Green, C.E., Swezey, R., Bakke, J. et al. Improved oral bioavailability in rats of SR13668, a novel anti-cancer agent. Cancer Chemother Pharmacol 67, 995–1006 (2011). https://doi.org/10.1007/s00280-010-1395-9
SR13668, a bis-indole with potent activity in vitro and in vivo against various cancers and promising cancer chemopreventive activity, was found to have very low oral bioavailability, <1%, in rats during pilot pharmacokinetic studies. The objective of these studies was to better understand the source of low oral exposure and to develop a formulation that could be used in preclinical development studies.
An automated screening system for determining solubility in lipid-based vehicles, singly and in combination, was used to identify formulations that might enhance absorption by improving solubility of SR13668, and these results were confirmed in vivo using Sprague–Dawley rats. Pharmacokinetics of SR13668 was then determined in male and female Sprague–Dawley rats administered 1 mg/kg iv, 1, 10, and 30 mg/kg po formulated in PEG400:Labrasol® (1:1 v/v). Blood was collected at time points through 24 h and the concentration of SR13668 determined using HPLC with UV and fluorescence detection.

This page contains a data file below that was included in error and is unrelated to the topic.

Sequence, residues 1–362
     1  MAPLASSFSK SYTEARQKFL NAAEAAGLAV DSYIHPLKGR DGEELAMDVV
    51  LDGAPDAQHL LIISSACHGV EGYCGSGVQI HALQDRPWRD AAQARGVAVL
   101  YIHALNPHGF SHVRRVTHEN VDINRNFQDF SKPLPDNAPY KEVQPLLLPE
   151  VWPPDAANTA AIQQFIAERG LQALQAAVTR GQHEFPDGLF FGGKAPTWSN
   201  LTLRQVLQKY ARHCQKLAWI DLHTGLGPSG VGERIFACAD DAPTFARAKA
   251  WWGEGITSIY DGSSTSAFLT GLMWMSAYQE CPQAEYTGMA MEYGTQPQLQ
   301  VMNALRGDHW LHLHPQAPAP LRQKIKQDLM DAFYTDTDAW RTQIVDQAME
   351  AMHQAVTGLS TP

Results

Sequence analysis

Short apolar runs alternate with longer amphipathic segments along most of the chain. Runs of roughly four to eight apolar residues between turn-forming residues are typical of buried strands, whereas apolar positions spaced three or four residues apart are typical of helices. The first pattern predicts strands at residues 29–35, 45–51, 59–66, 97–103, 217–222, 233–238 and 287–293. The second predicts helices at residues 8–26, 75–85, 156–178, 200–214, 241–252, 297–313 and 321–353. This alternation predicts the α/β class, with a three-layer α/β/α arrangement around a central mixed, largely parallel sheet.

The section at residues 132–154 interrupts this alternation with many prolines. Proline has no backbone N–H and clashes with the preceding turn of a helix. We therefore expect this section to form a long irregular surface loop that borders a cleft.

SR13668 was found to be resistant to plasma esterases in vitro and relatively stable to rat and human liver microsomal metabolism. SR13668 concentrates in tissues as indicated by significantly higher levels in lung compared to blood, blood concentrations ~2.5-fold higher than plasma levels, and apparent volume of distribution (V) of ~5 l/kg. A marked sex difference was observed in exposure to SR13668 with area under the curve (AUC) significantly higher and clearance (CL) lower for female compared to male rats, after both iv and oral administration. The oral bioavailability (F) of SR13668 was 25.4 ± 3.8 and 27.7 ± 3.9% (30 mg/kg), for males and females, respectively. A putative metabolite (M1), molecular weight of 445 in the negative ion mode (i.e., SR13668 + 16), was identified in blood samples from both the iv and po routes, as well as in vitro microsomal samples.
In summary, while SR13668 does undergo metabolism, probably by the liver, the oral bioavailability of SR13668 in rats was dramatically improved by the use of formulation that contained permeation enhancers and promoted better solubilization of the drug.